Follow the Leader: Nature
June 21, 2011
Ever since biomimetics (the imitation of nature) gradually emerged around 2002 and really took off in 2005, it has not slowed down. Over 90 previous entries in these pages have reported teams all over the world seeking out natural designs for ideas. The reports have accelerated in recent years to the point where there is only space for short summaries that give a taste of the wide variety of engineering work taking inspiration from plants, animals, and even cells. You yourself might inspire some inventor. Here are a few more highlights from recent adventures in biomimetics.
Biological Information Symposium a Success
June 4, 2011
Friday morning June 4, participants were on their way homes across America and in Europe from a successful conference entitled Biological Information: New Perspectives. They had come to hear leading lights in the Intelligent Design movement deliver 27 scientific presentations on a variety of subtopics under the umbrella theme of information in biology. From all appearances, everyone had a great time of fellowship, encouragement and intellectual stimulation. No protesters or critics detracted from the event—partly because it was not widely advertised, in order to protect the identity of those wanting to take part without jeopardizing their careers.
Appreciate Your Gifts
May 29, 2011
We like to showcase stories of amazing animals, but humans are special, too. What animal can boast some of the qualities that science has recently reported?
A Little Knowledge Without Ethics
May 28, 2011
A little knowledge is a dangerous thing. When is knowledge enough? And can a lot of knowledge be a dangerous thing, too? Whether little or much, knowledge without ethics empowers evil.
Does Science Belong Here?
May 19, 2011
Scientists continue to insert their particular methods and viewpoints into every aspect of life, but questions might be raised about the validity of their findings and the propriety of scientists acting as advisors on moral and political questions. Happiness science: Advice found online: “the best way to increase your happiness is to stop worrying about […]
Humans As Guinea Pigs
April 27, 2011
Some scientists like to examine everything except themselves. Human beings are natural objects, they think; why not apply the scientific method to the study of other human beings? It’s a perfectly natural inclination; the question is whether the findings have scientific validity, or result in understanding of human nature better than the explanations offered by […]
Scientists Invade Religion
April 21, 2011
Science and religion, those uneasy combatants in turf wars, do not get equal treatment in the media. The referees in the science news media frequently overlook invasions by science into religious territory, but fail to heed calls of foul by the invaded. World religion: Last month in New Scientist, Kate Douglas theorized about what an […]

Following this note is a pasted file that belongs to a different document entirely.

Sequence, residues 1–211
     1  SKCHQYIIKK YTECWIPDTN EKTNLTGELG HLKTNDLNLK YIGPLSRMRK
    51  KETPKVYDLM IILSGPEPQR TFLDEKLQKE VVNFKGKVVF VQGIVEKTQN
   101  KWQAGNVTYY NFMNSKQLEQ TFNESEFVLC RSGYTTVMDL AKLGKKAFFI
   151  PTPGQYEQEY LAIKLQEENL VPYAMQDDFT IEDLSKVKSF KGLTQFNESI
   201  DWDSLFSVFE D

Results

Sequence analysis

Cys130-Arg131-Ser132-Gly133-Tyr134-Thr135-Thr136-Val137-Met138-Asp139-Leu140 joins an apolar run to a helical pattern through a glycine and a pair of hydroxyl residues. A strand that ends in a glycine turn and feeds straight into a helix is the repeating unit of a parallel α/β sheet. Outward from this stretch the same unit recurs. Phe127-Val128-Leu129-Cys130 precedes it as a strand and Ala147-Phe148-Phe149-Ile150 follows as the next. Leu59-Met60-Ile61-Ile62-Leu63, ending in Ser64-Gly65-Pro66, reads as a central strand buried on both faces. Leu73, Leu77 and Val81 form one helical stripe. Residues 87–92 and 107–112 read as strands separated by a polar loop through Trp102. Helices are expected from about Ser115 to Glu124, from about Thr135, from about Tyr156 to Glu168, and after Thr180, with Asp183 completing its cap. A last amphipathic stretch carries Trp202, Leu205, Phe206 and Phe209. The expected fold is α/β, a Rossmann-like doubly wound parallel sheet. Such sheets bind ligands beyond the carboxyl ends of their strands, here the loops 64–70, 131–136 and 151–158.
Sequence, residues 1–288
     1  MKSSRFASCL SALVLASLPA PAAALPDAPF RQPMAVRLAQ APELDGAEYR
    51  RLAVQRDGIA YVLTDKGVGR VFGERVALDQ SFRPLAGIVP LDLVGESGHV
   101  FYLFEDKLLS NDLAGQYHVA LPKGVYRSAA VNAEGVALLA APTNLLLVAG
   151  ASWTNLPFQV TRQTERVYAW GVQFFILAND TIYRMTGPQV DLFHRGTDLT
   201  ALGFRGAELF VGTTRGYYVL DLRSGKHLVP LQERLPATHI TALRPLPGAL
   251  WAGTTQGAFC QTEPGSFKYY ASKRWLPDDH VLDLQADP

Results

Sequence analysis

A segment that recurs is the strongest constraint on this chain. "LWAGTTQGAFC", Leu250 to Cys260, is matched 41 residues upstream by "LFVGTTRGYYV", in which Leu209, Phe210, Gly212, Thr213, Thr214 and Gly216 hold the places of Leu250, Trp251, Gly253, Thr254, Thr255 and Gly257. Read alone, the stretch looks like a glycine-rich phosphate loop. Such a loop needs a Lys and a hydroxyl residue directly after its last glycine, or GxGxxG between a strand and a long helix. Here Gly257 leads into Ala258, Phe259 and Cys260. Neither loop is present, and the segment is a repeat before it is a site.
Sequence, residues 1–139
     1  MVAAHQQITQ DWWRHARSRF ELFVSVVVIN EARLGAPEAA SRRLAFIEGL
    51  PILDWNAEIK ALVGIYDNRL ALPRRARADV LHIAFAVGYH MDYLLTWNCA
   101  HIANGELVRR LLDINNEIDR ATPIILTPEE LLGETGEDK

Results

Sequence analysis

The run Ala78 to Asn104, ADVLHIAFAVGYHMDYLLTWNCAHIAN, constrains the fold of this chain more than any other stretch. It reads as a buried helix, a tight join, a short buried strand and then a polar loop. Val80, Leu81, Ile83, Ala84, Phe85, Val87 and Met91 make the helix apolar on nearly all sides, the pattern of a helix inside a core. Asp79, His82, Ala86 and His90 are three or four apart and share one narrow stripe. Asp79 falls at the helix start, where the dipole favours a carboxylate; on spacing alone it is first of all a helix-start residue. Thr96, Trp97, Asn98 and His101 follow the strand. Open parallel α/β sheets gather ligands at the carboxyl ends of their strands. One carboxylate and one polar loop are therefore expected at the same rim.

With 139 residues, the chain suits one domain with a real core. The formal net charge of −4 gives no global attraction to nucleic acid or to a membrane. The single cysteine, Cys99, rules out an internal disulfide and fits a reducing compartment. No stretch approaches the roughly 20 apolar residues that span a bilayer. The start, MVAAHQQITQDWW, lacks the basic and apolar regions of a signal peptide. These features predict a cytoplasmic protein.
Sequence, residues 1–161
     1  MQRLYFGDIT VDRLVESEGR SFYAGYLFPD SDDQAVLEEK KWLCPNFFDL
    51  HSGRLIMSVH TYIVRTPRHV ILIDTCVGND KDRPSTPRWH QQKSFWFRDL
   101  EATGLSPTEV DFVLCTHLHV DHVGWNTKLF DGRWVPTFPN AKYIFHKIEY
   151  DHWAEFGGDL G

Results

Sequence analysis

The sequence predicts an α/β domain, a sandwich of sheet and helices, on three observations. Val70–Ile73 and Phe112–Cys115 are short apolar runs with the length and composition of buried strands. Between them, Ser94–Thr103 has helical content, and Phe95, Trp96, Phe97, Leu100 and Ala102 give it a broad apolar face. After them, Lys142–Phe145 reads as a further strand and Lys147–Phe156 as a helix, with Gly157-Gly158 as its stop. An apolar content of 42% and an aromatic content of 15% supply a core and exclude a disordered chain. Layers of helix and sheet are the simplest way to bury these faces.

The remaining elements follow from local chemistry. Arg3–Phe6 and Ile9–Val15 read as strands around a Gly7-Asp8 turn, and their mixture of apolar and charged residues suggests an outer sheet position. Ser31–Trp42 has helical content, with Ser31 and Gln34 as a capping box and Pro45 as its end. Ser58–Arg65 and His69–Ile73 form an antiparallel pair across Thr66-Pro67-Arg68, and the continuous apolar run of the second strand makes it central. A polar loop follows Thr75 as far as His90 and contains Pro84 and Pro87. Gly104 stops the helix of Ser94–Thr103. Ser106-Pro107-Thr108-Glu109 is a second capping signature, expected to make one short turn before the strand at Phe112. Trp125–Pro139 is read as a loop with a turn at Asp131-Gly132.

Who Should Teach Self-Control?
April 15, 2011
A symposium at Massey University in New Zealand has come up with a profound thought: self-control is a key to a happier life. Academics have helped themselves to an ancient notion that teaching self-control to children leads to happier outcomes as adults. Did the world need science to reach this conclusion? Self-control is […]
Seeing Is Believing, or v.v.
April 4, 2011
What you see is not what is out there in the world – not exactly, at least. Scientists have shown that your brain is tweaking the light coming in from your eyes and making predictions about what you expect to see. The “blind spot” experiment is well known to students. That’s where it […]
Science Discovers the Unexpected and the Obvious
March 30, 2011
Young’s Law jokes, “All great discoveries are made by mistake.” Here are some recent examples. Arch-istan: Think the world’s natural features are all well known? “Researchers from the Wildlife Conservation Society have stumbled upon a geological colossus in a remote corner of Afghanistan: a natural stone arch spanning more than 200 feet across its base,” […]
Neurons Know What to Do
March 27, 2011
Neurons are among the most vital cells in the body: after all, your brain is largely composed of neurons. Neurons are transmission lines of information that keep a body in touch with itself and the world. None of the other body organs would work without neurons. The increasingly powerful tools of microscopy are allowing neuroscientists […]
Sensing the World Requires Intelligent Design
March 24, 2011
How do our bodies make sense of the external world? Through our senses, of course; at least they are the entry points of data into the mind. Behind those senses are remarkable mechanisms that we use but do not actively operate. The design in their automatic operations is slowly being revealed with better observing techniques. […]
If Pigs Have Wings, SETI Could Be Robots
March 11, 2011
The SETI program is still waiting to catch a sentient signal from deep space, but in the absence of data, people are free to speculate. Michael Dyer, a computer science professor at UCLA, is certain that the first aliens to visit Earth will be robots. He even attached a probability to it, according to Adam […]
Is the Mind a Computer?
March 5, 2011
After a computer named Watson beat two contestants on Jeopardy last month, people are asking if the human mind is becoming obsolete. What are the similarities and differences between gray matter and deep blue? PhysOrg asked, “Machines beat us at our own game: What can we do?” For one thing, they should have […]
February 27, 2011
Philosophy of science is a broad discipline incorporating many sub-disciplines such as intellectual history, sociology, ethics, rhetoric, logic, demarcation of science from pseudoscience, classification, discovery, verification, explanation and more. A dozen recent news stories discussed some of these topics. Medical ethics: PhysOrg reproduced an AP story about medical research on humans in the US in […]